|Abstract:||Providing contractual performance assurances in distributed systems is an important and challenging problem. From the users perspective, stringent performance requirements are becoming more critical, which increases the need for predictability. Meanwhile, from the system engineers perspective, distributed systems are driven towards an increasingly larger scale, more integration and higher complexity, making predictable system performance more difficult to achieve.
In this dissertation, we reconcile the above conflicting trends in the context of achieving temporal predictability in distributed server systems. Predictable timing behavior is becoming increasingly important in wide-area networks. It is expected that a predominant majority of Internet clients in the next decade will become embedded devices. As web-based systems are used in progressively more interactive or critical applications that live under the constraints of the physical world in real-time, renewed interest in timing properties is warranted. In fact, projects such as GENI, already promise nation-scale testbeds for a cleanslate Internet re-design. One of the major thrusts fueling the need for such a new design lies in the vision of Internet use in the context of safety-critical applications with real-time constraints. Since GENI and the clean-slate Internet is not yet available, we implement our framework for temporal predictability within the constraints of the current network. To separate out application-independent components, we break the predictability problem into one of generic real-time content distribution services and application-specific time-sensitive end-systems.
Our approach to providing timing predictability is two-fold. First, we investigate proactive mechanisms for ensuring end-to-end timing guarantees in wide-area content distribution systems executing across the current Internet. Second, we investigate reactive mechanisms that diagnose timing violations. In contrast to much prior research on QoS which addressed the problem of restoring proper timing behavior on end-systems assuming correctness of their software implementation, the increased scale of modern distributed systems generates a need for addressing the possibility of software errors or misconfiguration that cause timing violations. Hence, when it comes to the (software-intensive) end-system, our work is directed at self-diagnosis of timing violations rather than on traditional quality of service architectures, which abound in prior work.
Our solution to the first problem above (that of ensuring end-to-end timing guarantees in content distribution systems) involves a decentralized replication scheme that dynamically selects subsets of the content distribution servers for different classes of content so that per-class network latency bounds are achieved. The replication decisions are made autonomously by the servers based on dynamically measured network latencies and workload conditions. The content replication proceeds in a way that balances workload among servers, hence fully utilizing system capacity and avoiding latency bound violations. The efficiency and decentralized nature of the replication scheme enables our solution to scale up to very large content distribution networks.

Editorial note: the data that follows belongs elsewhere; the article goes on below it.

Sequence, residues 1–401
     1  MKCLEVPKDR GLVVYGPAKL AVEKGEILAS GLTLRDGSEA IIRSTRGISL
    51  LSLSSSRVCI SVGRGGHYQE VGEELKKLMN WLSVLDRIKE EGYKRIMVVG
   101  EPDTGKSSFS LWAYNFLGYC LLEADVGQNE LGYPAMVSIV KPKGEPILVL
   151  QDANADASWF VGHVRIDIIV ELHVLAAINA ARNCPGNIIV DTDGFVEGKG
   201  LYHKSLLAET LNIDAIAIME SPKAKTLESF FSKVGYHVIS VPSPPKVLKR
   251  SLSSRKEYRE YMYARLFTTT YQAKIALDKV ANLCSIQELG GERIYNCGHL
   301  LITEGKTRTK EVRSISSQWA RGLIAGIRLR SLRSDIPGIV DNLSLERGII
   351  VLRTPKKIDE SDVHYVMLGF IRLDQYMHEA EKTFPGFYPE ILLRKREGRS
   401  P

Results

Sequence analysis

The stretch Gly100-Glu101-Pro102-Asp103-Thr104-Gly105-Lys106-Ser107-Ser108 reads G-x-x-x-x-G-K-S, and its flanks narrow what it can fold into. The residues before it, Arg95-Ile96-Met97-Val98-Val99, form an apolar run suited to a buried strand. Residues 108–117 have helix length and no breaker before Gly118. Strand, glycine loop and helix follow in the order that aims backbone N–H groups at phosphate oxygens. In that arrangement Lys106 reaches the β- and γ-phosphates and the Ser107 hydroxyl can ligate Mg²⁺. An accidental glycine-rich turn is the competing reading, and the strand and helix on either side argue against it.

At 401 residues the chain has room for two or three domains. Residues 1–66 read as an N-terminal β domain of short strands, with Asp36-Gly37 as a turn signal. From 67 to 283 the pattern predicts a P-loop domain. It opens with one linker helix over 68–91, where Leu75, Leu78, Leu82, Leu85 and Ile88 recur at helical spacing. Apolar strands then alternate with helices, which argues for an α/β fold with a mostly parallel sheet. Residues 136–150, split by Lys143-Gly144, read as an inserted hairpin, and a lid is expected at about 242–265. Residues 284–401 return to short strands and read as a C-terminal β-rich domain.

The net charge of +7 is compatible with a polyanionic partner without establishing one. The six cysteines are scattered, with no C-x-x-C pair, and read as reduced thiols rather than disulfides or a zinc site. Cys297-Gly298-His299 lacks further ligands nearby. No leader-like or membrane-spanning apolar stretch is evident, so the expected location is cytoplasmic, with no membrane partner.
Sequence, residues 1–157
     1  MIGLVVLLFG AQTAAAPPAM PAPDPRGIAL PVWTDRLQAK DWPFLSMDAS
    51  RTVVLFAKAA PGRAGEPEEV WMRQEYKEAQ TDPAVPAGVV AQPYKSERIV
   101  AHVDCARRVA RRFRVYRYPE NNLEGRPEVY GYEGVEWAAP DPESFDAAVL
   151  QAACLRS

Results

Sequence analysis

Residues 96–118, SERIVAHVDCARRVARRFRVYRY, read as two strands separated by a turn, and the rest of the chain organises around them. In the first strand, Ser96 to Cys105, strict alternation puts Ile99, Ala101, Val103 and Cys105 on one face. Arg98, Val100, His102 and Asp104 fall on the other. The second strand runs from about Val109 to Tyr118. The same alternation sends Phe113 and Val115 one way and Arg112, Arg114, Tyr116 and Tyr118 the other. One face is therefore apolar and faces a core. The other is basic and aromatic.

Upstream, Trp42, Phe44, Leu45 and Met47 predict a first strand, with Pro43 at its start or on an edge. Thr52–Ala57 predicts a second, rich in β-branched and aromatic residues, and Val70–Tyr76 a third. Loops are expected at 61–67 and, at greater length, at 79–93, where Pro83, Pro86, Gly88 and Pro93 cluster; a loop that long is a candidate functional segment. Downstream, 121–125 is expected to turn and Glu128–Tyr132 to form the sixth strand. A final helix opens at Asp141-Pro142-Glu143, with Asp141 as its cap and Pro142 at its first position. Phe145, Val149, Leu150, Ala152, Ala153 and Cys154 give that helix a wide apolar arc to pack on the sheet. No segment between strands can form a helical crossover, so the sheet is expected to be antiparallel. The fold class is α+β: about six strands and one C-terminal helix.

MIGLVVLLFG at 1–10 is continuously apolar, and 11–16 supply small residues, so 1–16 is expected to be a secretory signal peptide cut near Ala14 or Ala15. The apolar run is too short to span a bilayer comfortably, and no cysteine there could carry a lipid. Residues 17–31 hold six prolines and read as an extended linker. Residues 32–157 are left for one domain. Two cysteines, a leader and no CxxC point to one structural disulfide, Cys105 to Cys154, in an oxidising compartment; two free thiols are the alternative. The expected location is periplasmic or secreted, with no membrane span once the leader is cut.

Solutions to the second problem (namely, the self-diagnosing capability of end-systems) come from scalable learning-based performance problem diagnosis techniques we propose. The increasing complexity of systems has motivated design of machine learning approaches to automate some system management tasks. However, with increase in scale, current approaches suffer from serious scalability issues. We present two scalable learning-based techniques that automatically identify probable causes of timing violations in large server systems with multiple tiers and replicated sites. By incorporating more diagnostic information sources using a temporal segmentation mechanism and applying transfer learning techniques, we achieve both scalability and improved diagnosis accuracy.
The service is implemented and deployed on PlanetLab, a realistic wide-area network platform. Our evaluation results of proactive delay guarantee mechanisms demonstrate that subsecond delay bounds can be guaranteed with a very high probability with very limited or even imperfect global knowledge. In addition, we evaluate our reactive mechanisms for automated performance problem diagnosis against three months of production traces from a real-world distributed application. Experimental results verify the efficacy of our approach: both diagnosis accuracy and scalability are significantly enhanced compared to base-line solutions. The combination of our proactive and reactive time management mechanisms provides opportunity for building services that manipulate real-time content in wide-area networks.